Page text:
Monday, May 13, 2013

Spey Magog

I was recently challenged with converting the collors associated with the famous Atlantic salmon streamer known as the magog smelt into a swingable spey like fly.  I use this termonology very loosley, since you can certainly swing a magog smelt. 

What was desired was something with a little more flow and movement to it.  The big colors being; white, purple, yellow, silver tinsel, a splash of red, and checkered black and white.  The black and white checkering coming from teal flank feathers.  Did I mention the flies needed to be fairly easy to tie?   I started out with an Alec Jackson Size 1.5 spey hook, silver holographic tinsel and fire red thread.  After covering the rear 2/3 of the shank with the tinsel I did two turns a white marabou, then wrapped back over the turns with the thread for durability.  I advanced the thread forward a bit to cerate a gap then repeated the same steps for yellow followed by purple.  Then came a couple of turns of teal flank feathers for a collar, a bit of flash, and some peacock herl strands for an under wing.  A pair of jungle cock eyes and a dyed black pheasant rump topped the fly as a wing.  I was pretty pleased with the results.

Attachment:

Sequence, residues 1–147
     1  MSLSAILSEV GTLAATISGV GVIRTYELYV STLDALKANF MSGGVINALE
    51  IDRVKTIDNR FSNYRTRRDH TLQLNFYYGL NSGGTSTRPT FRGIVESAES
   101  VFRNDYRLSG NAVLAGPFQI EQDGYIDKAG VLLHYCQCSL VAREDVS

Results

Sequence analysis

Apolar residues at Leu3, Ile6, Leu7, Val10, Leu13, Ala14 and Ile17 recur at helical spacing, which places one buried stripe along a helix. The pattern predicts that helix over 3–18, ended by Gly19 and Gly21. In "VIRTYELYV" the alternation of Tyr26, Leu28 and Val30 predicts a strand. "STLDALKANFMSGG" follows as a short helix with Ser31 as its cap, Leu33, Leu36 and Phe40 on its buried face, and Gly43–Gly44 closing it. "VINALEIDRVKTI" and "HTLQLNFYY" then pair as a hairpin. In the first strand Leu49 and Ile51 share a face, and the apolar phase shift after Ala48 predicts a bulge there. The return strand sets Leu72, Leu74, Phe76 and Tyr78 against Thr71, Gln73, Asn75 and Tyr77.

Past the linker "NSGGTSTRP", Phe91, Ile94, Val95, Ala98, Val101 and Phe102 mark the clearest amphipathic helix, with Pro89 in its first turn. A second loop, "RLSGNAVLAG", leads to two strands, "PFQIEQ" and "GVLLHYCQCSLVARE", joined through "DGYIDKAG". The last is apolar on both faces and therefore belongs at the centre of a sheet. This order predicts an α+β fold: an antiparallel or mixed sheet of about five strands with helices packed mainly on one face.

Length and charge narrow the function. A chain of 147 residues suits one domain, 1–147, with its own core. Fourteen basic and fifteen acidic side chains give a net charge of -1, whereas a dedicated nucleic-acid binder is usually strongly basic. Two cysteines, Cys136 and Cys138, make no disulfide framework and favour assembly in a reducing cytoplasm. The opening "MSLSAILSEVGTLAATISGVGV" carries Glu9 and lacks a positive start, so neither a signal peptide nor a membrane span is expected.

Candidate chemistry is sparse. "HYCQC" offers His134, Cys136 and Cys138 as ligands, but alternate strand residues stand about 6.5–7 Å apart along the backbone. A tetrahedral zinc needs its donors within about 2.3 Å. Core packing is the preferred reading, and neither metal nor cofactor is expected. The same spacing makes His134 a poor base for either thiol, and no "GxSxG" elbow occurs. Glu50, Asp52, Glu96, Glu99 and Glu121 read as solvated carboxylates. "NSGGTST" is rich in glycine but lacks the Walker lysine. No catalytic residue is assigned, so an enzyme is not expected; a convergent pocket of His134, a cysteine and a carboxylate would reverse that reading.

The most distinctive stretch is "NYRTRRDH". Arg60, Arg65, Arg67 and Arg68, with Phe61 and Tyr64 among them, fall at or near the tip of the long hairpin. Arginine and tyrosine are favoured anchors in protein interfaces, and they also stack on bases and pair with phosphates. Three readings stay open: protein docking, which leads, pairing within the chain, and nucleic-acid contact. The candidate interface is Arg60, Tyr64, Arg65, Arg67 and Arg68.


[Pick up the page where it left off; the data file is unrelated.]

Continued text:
I then took a size 3 Alec Jackson spey hook did the same tinsel and thread steps as above.  This time I took marabou tips and tyed them pointing reward similar to the John Shewey's Spawning Purple method (  I did so alternating from white, yellow, and purple.  When I got toward the front of the hook, I added and extra patch of the white to the bottom side of the hook.  Again a teal flank collar, some synthetic flash underwing, and some peacock for a topping.  I then added some Flymen Fishing Company Living Eyes secured by some Clear Cure Goo.  I had a keeper in my mind!  I played around replacing peacock with synthetics and was indifferent in my opinion. 

My next option was to replace the marabou with arctic fox for the layered wings.  This version was okay in my mind, but I like the more vibrant colors from the dyed marabou.  I presented the sample flies to the interested parties, and the arctic fox wing seems to be the lead style, with a more pronounced collar of teal. 

Either way I have a keeper fly or flies for swinging.

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